What will be, could be, might be is bound by what you see…

What is the one thing that makes a technologist different? Why do some people have an affinity for technology and others struggle? What is it the comprises the difference between the two? First off it takes both kinds to make something work. The easiest technology solutions are there because people need to use something. The technologists huddle and come up with a device or gadgets that will solve the problem. The early adopters embrace it, but complain because it is not easy. So, the technologists go back to the drawing board and start over.

Then, over time the non-technologists the ones without the affinity, embrace it and begin to use this new capability. That’s when simplicity enters the equation. Why? Because the new users don’t have the natural affinity so they need to have the system made easier to use.

That transition from early adopters to mass market is where many devices fail. They, the device and they, the creator, never step into the next phase. Or they start to, but it never comes to fruition. They stay forever bound to the edge of the market, never fully entering the mass market. Now, the intriguing reality of this is that many devices that live in a blue ocean, (See Blue Ocean Strategy) never make it to the mass market. In effect, the blue ocean becomes a red ocean. They are forever bound to small markets with no capacity to move out of that market into mass appeal. It is when devices reach mass markets that they become stranded. It is also when competition creates the red market regardless of the uniqueness of the device.

People ask me all the time, what is next. What innovation will slide from the blue ocean of creation into the mass market (and eventually a red ocean of competition). I love that question because it opens so many doors. I hate the question because it is speculation on my part. I look over the horizon but I am like all people limited by my connection to the world around me. One of the things that I am interested in motion control. Voice control is interesting to me but limited in its overall effectiveness. Siri, Cortana, Google and Alexa all offer interesting takes on voice command. Leap, Microsoft, Oculus, Sony and Nintendo all offer interesting takes on motion. Motion and ultimately the immersive VR experience will continue to become more and more integrated. That point of integration is what I find interesting. The reality of compute however, when people ask me, always points back to the great problem. Neither Motion nor voice control can be used on a crowded train. Not without alerting the authorities about a crazy person talking to themselves, or waving and gesturing uncontrollably. Voice is best done in your home or car, although in your car you find the great failing of voice control ambient noise. Motion control is also best done in your home. The great flaw there, distance from the motion sensing camera.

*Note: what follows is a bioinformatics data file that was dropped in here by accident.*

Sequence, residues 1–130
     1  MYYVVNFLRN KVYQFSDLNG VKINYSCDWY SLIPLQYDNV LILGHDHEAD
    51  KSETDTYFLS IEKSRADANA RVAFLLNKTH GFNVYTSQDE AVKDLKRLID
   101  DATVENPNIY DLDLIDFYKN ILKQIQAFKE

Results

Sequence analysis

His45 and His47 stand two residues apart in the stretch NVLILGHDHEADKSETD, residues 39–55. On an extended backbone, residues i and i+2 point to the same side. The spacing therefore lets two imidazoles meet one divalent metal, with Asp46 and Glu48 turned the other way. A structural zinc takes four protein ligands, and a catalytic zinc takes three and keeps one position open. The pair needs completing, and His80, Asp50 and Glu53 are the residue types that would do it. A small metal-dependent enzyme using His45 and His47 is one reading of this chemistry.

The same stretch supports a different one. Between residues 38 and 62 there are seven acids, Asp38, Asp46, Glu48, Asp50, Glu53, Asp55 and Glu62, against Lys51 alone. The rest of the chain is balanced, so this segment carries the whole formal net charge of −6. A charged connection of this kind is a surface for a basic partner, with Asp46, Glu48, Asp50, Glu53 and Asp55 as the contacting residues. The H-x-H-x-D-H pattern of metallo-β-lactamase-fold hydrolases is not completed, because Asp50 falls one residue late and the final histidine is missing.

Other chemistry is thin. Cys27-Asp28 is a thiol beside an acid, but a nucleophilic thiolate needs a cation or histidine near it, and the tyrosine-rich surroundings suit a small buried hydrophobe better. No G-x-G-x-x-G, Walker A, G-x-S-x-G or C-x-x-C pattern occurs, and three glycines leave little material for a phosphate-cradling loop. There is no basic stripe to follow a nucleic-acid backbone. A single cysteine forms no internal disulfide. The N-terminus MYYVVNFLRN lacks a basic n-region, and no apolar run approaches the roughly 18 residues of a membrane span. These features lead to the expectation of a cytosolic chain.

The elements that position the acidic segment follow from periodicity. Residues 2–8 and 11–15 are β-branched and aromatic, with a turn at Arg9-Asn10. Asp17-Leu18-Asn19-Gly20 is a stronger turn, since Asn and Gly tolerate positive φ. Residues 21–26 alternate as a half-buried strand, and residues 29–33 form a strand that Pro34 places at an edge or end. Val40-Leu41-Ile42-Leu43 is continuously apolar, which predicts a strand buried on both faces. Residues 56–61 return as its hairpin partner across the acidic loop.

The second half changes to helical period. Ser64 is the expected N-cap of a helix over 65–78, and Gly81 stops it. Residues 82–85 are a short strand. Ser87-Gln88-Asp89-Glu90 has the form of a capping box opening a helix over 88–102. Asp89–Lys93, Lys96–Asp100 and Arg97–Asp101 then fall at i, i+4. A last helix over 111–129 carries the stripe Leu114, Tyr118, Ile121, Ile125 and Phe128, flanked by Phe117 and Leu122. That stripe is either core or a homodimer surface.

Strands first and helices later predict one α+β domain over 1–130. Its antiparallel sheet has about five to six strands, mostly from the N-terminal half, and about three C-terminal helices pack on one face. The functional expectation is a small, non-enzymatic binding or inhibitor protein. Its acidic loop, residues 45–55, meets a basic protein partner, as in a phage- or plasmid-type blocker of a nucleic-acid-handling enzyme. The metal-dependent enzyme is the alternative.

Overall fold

The other things that drive me personally are cameras and scanners. The path to both of them is interesting. Digital images are beyond amazing. But the capabilities of cameras are also amazing. I have looked at a number of 360 degree cameras and have actually shared my opinion on several of them. They are the future. Although, many of them will not make the trip from possible to reality. And few of them will make the trip from fringe market to mass market. Scanners continue to evolve and change in the market. You can now, using a laser scanner measure distance and scan an object in 3d. Scanning in 3d aids both those seeking to create as well as those prototyping 3d objects. Print, scan and look for imperfections. There is a laser scanning pen you can use. There are also scanners that combined with their software can scan and translate text for you. The capabilities of both of course can be quickly moved to the cellular or smart phone platforms. The risk of course then is the reality of cellular phone memory. Oh, yeah and getting scans out of your cellular phone.

I’ve, in this post laid out of a couple of the natural leanings within my technology decisions. I am curious about motion and speech; I believe cellular phones are not the only camera we should be carrying and finally I am still stuck on the capabilities of cameras. All of this of course, comes together in how I evaluate technologies. What are your boundaries? What device would you like to see and touch, hold and carry in your go bag?

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Futurist